Realistic Fearmongering: Why Negative Campaigning Will Make Sense for the Democratic Nominee in ’16

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Wolf Growling with Head in Doorway
Nightmare of Republican Policies Closer to Realization Than the Dream of Progressive AgendaPhoto: Jan Stromme/(c) Jan Stromme

At BuzzFeed today, Ben Smith makes a very familiar argument about Hillary Clinton’s alleged shortcomings: She’s so unlovable, she has no choice but to run a negative general-election campaign if she wins the nomination:

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If Hillary Clinton manages to beat Bernie Sanders, the early primaries have already revealed that there’s only one strategy for the general election against a Republican, be it Donald Trump, Marco Rubio, or Ted Cruz: Scorch the earth.

There was a scenario, which looks more like a fantasy, in which Clinton was a movement. Women in their twenties, thirties, and forties would rally to her the way black Americans rallied to Obama; she would run on her own mantle of change.

In reality, nobody is that excited about Hillary Clinton, and young voters, women and men — the foot soldiers of any Democratic Party movement — aren’t coming around. She lost a resounding 82% of voters under 30 in Nevada. Her campaign now rests on the hope that voters of color like her well enough, if nowhere near as much as they like Obama. And that means that when she faces a Republican, she will have to destroy him.

There was a scenario, which looks more like a fantasy, in which Clinton was a movement. Women in their twenties, thirties, and forties would rally to her the way black Americans rallied to Obama; she would run on her own mantle of change.

In reality, nobody is that excited about Hillary Clinton, and young voters, women and men — the foot soldiers of any Democratic Party movement — aren’t coming around. She lost a resounding 82% of voters under 30 in Nevada. Her campaign now rests on the hope that voters of color like her well enough, if nowhere near as much as they like Obama. And that means that when she faces a Republican, she will have to destroy him.

Putting aside the questionable assertion that the Kidz — as opposed to, say, labor and LGBT folk, and great big adult-advocacy groups — are “the foot soldiers of any Democratic Party movement,” Smith is suggesting that going negative (or “comparative”) is the ugly person’s ugly alternative to the positive, inspiring kind of campaign Americans want and deserve.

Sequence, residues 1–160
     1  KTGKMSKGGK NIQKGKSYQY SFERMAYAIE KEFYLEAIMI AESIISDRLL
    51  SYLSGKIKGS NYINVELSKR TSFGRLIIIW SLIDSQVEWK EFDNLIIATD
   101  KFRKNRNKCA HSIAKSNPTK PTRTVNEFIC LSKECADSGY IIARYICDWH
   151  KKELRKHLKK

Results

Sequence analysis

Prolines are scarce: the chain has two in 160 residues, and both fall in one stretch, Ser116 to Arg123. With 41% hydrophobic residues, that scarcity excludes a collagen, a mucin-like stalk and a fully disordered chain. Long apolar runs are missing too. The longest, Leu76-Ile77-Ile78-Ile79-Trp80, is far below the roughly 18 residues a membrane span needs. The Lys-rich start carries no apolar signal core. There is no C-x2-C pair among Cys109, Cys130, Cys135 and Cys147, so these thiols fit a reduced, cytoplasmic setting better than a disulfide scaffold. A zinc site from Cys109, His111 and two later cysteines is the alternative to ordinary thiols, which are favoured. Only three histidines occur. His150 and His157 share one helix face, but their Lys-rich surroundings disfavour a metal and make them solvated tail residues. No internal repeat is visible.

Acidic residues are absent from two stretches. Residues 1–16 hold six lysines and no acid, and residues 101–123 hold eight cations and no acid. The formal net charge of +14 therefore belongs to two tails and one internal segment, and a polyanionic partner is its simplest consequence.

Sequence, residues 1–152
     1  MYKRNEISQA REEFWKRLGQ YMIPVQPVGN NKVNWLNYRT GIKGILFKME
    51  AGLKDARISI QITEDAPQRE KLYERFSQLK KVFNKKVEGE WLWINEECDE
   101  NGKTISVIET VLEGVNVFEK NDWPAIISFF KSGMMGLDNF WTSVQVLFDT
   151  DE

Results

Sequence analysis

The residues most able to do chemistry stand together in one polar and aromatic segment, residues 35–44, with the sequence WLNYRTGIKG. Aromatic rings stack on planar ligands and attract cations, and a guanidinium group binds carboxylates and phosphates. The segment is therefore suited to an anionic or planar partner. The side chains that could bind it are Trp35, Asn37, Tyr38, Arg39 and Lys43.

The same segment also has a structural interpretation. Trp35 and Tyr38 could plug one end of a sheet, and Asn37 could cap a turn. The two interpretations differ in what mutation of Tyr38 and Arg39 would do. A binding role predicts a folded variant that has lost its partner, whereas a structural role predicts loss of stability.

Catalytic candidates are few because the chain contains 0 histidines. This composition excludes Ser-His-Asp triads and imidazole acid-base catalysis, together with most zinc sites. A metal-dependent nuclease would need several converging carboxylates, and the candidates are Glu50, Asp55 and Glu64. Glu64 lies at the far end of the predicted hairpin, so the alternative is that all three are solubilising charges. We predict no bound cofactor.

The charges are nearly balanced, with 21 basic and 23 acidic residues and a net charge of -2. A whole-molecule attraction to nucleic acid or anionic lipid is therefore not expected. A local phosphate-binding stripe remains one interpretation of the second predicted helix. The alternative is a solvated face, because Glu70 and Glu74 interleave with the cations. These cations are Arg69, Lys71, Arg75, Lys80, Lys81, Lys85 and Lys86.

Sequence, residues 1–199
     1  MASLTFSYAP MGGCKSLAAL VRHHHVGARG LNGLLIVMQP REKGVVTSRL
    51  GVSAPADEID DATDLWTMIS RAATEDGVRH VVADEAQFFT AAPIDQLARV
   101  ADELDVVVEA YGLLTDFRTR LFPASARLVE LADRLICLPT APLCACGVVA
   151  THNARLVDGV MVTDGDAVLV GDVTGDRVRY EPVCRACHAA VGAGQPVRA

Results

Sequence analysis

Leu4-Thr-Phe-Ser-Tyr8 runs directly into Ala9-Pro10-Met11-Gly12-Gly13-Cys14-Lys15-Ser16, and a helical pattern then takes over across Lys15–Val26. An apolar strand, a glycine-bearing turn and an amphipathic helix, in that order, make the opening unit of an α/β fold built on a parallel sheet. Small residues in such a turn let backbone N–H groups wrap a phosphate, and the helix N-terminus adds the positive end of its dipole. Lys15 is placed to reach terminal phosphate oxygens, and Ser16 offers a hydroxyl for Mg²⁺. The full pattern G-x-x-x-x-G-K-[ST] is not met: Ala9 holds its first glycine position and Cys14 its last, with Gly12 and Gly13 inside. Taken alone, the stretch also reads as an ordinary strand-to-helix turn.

But this year, at least, campaigning on the unicorns you will ride to Happyland on the cheers of millions of previously unheard Americans is, arguably, offering an illusion, if not a lie.  That is indeed what Hillary Clinton keeps saying about Bernie Sanders’s message that he is uniquely capable of overcoming gridlock by conjuring up a mass movement that we’ve never seen before.  Whether you agree with Clinton on that or you don’t, there is far less doubt about what Republicans will be able to accomplish if they win the White House while hanging on to control of Congress (and if the former happens, the odds of the latter are very high).  A single executive order and a single (if big and very fat) budget-reconciliation bill could wipe out much of the Obama legacy in a matter of weeks. And that’s before you even get to executive-branch and judicial appointments — including perhaps multiple SCOTUS nominations — and the GOP’s own “positive” agenda of high-end tax cuts, tight money, “deregulated” fossil-fuel use, harassment of abortion and contraception providers, restricted voting rights, and (depending on the nominee) global unilateralism and adventurism. 

This year’s Republican nomination contest is creating a vast storehouse of ripe targets for Democrats in a general election.  Should they reject it all because it’s “negative” and doesn’t inspire the Kidz without whom no Democratic campaign is cool enough to support without shame? I don’t think so.

No matter how much both parties talk about Barack Obama this year, he won’t be on the ballot in November and thus this cannot entirely be a referendum on his tenure in office. That makes it a “comparative” election almost by definition. If your opponent looks like a ravening wolf at the door, saying so early and often might be the best way in the current environment to make yourself look pretty.